People visiting from out of town sometimes reported them to the dog catcher. Dangerous dogs roaming the streets! Mr. Culver would nod very seriously, take down the report, then rip it up as soon as the stranger walked out.
Tom knew because Billy Jane was the dog catcher’s daughter. She loved animals almost as much as Tom.
But something had gone wrong this time. Rip might have been on his way home to be there before Tom was back from school when the red truck with the busted tail light creamed him and kept on going.
Tom couldn’t help it now. He sniffed back his runny nose and lifted his shoulder to try to wipe more tears off of his cheeks.
Billy Jane looked at him sideways and patted him on the back.
“It’s terrible,” she said softly. “I’m so sorry.”
Tom let out a brief sound of grief and then stifled it and kept on pushing the wheelbarrow.
He had never appreciated Rip enough. A dog like that. Always looking for the fun. At Tom’s side whenever it was time to go somewhere together, even if it was just up the block to visit Randy or one of the other kids. Rip trotted along with Tom as if any outing was an adventure. Then he’d lie on someone’s porch while Tom played catch or threw around a football, and the minute Tom called him again he’d come running.
They fished together on Stilt’s Pond in the little canoe Tom’s dad helped him make. Rip would sit in the bow staring straight ahead, and whenever Tom caught a fish he held out to Rip so the dog could give it a lick.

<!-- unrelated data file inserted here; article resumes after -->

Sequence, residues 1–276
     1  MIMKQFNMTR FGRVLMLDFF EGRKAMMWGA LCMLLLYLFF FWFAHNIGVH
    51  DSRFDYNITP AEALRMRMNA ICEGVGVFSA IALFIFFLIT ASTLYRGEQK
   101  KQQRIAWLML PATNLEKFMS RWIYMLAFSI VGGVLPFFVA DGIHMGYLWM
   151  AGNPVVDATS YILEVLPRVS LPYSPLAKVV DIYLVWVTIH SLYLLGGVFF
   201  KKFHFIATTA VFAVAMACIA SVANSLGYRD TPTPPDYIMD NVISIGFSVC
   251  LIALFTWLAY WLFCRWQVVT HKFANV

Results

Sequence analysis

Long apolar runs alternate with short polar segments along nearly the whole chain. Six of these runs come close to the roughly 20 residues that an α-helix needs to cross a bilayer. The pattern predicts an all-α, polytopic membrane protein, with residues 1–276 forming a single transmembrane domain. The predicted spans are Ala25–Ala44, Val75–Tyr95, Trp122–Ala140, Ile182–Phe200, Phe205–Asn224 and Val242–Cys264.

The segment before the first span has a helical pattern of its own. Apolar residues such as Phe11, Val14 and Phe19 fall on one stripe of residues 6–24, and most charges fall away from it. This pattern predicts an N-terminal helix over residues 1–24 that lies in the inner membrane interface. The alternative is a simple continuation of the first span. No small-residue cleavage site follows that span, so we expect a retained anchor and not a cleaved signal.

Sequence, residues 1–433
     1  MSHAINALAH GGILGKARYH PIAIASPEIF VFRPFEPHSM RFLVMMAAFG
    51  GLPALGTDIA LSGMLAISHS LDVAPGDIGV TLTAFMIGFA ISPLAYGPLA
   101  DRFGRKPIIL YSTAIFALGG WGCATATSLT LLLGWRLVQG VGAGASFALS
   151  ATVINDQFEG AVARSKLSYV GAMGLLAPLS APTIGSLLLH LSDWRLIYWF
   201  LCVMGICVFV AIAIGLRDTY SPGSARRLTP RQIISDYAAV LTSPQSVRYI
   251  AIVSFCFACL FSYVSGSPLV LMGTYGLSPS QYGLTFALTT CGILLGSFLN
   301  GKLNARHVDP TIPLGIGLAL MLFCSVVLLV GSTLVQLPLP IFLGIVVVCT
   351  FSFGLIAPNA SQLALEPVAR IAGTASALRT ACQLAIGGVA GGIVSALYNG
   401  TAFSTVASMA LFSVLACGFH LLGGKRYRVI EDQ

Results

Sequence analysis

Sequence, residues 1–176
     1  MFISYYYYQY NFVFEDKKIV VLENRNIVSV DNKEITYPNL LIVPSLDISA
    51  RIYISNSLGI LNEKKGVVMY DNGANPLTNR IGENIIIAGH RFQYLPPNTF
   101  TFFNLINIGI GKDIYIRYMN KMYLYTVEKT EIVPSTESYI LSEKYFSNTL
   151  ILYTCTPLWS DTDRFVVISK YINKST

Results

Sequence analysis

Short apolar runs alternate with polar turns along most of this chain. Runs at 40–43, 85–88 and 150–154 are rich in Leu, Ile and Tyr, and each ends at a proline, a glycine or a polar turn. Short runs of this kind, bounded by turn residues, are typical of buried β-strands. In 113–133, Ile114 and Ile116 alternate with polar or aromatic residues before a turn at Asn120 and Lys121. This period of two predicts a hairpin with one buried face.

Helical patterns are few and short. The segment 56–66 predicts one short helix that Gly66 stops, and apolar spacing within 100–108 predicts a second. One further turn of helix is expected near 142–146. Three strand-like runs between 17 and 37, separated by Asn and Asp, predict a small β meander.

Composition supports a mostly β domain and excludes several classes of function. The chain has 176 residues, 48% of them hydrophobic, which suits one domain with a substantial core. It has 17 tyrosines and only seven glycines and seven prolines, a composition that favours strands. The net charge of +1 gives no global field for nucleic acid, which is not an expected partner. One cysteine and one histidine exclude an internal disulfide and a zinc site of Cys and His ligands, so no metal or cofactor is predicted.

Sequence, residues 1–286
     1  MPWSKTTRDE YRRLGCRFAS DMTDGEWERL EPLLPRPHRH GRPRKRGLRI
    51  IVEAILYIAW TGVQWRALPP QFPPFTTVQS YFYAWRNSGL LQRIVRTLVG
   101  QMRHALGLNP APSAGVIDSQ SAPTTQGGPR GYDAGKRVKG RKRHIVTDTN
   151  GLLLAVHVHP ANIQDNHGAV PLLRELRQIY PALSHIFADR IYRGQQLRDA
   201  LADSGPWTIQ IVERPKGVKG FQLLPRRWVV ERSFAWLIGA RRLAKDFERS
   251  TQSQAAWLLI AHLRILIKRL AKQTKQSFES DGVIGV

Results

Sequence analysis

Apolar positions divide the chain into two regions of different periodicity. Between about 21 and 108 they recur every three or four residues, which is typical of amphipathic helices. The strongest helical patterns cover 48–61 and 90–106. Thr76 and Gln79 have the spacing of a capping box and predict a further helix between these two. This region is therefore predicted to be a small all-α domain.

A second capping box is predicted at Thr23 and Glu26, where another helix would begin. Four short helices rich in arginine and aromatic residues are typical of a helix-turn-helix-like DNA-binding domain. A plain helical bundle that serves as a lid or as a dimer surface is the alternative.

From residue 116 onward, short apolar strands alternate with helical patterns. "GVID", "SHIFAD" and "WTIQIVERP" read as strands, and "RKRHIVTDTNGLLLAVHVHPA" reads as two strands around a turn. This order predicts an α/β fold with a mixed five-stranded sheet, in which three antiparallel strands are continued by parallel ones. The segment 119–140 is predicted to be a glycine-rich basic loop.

The dog was up for anything, always eager, always playful.
Never again. Tom still couldn’t believe it.
Finally they reached his house. He rolled the wheelbarrow out back and set the metal legs down on the ground. He was sweating hard now, even though for May it wasn’t that hot yet. Summer would be here soon, and in Macon, Missouri that meant humidity so thick the dogs and people alike could barely stand it.
Most of the kids went to the town pool every day, but dogs weren’t allowed. Tom took Rip out to the pond and let him dip in there, always with an eye out for snapping turtles and the poisonous water moccasins that hung around the water. On chore days when he didn’t have that much time, the two of them just ran through the sprinklers.
But a day like today, sunny and not too hot, it would have been fun just to throw the ball to Rip in the back yard, then sit around in the shade and split a popsicle.
“Tom?” Billy Jane asked in a quiet voice. “What are you going to do now?”
Tom looked down at the lump covered in green plastic bags.
“Guess I’ll dig a grave,” he said.
Billy Jane nodded. She laid her hand on Tom’s arm. “Want some company?”